Photo: Peter Summers/Getty Images

Since London decided to revoke Uber's operating license, the city's transportation regulator found that 14,000 rides in late 2018 and early 2019 were completed by unverified drivers who had "rented" a real driver's account, the Wall Street Journal reports.

Why it matters: Uber says shared driver accounts are a global problem, including in the U.S. An Uber spokesperson told the Wall Street Journal the company has adjusted its policies in London to combat the issue, but it still not a "silver bullet."

  • Uber is alerted if a verified driver changes their photo to prevent fraud or if multiple devices are used for logging into the same account.

How it works: Account renting is an "open secret" with individuals and verified drivers often discussing it in private social media groups or messaging apps used by drivers, per the WSJ.

  • A former Uber driver told the WSJ most people who rent out accounts rather than getting their own do so because they would likely fail a background check, don't have a license or can't afford a car.

Go deeper:

Go deeper

Updated 26 mins ago - Politics & Policy

Coronavirus dashboard

Illustration: Sarah Grillo/Axios

  1. Global: Total confirmed cases as of 8 p.m. ET: 19,497,292 — Total deaths: 723,854 — Total recoveries — 11,823,105Map.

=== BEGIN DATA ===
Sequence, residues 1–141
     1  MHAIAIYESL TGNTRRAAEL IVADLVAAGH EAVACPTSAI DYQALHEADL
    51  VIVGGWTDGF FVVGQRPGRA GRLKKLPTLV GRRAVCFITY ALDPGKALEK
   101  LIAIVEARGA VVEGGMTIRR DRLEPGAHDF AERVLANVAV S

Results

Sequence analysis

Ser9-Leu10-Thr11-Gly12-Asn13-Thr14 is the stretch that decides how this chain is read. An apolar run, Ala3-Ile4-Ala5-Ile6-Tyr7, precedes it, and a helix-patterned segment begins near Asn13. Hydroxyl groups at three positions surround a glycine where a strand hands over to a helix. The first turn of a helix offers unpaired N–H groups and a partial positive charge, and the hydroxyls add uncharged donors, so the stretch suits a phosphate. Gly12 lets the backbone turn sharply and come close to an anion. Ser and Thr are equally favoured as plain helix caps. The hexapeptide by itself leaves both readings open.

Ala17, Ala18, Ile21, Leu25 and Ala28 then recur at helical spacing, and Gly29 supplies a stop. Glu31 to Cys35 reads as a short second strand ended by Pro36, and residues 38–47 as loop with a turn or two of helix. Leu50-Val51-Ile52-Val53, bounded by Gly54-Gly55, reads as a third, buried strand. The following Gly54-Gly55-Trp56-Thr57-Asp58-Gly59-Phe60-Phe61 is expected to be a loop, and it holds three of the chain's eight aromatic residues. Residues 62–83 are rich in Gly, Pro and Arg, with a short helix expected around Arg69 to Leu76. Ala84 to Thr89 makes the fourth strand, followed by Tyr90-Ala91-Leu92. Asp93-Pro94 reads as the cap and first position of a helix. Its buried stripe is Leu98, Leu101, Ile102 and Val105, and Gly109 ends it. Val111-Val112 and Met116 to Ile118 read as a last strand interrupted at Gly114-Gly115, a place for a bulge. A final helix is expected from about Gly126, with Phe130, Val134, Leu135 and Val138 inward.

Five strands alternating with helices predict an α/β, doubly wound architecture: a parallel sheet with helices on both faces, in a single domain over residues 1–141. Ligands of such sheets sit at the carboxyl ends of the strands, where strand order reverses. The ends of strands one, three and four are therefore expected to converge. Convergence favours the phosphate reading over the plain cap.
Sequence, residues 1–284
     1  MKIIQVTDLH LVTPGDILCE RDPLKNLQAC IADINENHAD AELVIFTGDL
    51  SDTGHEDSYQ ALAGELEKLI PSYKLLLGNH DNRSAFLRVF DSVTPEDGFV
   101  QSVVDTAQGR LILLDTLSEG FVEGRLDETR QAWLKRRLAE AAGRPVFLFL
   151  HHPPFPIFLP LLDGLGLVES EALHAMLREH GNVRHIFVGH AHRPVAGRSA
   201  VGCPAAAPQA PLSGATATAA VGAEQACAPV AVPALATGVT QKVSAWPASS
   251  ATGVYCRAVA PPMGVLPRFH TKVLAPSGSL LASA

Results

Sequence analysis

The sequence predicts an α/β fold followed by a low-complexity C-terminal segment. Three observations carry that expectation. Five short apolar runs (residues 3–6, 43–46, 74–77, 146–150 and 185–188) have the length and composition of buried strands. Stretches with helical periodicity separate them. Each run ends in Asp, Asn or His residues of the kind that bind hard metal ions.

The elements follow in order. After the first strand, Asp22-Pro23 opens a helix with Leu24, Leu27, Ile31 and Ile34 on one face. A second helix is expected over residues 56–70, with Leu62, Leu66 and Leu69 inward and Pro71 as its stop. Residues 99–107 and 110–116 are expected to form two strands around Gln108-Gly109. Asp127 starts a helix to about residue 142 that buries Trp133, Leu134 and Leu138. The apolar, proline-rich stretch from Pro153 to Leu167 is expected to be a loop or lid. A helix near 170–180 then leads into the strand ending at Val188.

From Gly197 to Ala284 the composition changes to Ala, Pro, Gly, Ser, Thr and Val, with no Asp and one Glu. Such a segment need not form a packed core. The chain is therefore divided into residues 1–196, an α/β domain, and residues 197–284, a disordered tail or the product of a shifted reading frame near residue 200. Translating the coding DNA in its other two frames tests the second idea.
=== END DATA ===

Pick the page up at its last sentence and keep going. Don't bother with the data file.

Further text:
2. U.S.: Total confirmed cases as of 8 p.m. ET: 4,994,276 — Total deaths: 162,381 — Total recoveries: 1,643,118 — Total tests: 61,080,587Map.
  3. Politics: Trump signs 4 executive actions on coronavirus aid.
  4. Public health: Fauci says chances are "not great" that COVID-19 vaccine will be 98% effective — 1 in 3 Americans would decline COVID-19 vaccine.
  5. Science: Indoor air is the next coronavirus frontline.
  6. Schools: How back-to-school is playing out in the South as coronavirus rages on — Princeton, Johns Hopkins, Howard to hold fall classes online.

Trump signs 4 executive actions on coronavirus aid

President Trump speaking during a press conference on Aug. 8. Photo: Jim Watson/AFP via Getty Images

President Trump on Saturday signed four executive actions to provide relief from economic damage sustained during the coronavirus pandemic after talks between the White House and Democratic leadership collapsed Friday afternoon.

Why it matters: Because the Constitution gives Congress the power to appropriate federal spending, Trump has limited authority to act unilaterally — and risks a legal challenge if congressional Democrats believe he has overstepped.

7 hours ago - World

What's next for Lebanon after the Beirut explosion

Photo: Houssam Shbaro/Anadolu Agency via Getty Images

Beirut residents are still clearing rubble from streets that appear war-torn, days after a blast that shocked the country and horrified the world.

Why it matters: The explosion is likely to accelerate a painful cycle Lebanon was already living through — discontent, economic distress, and emigration.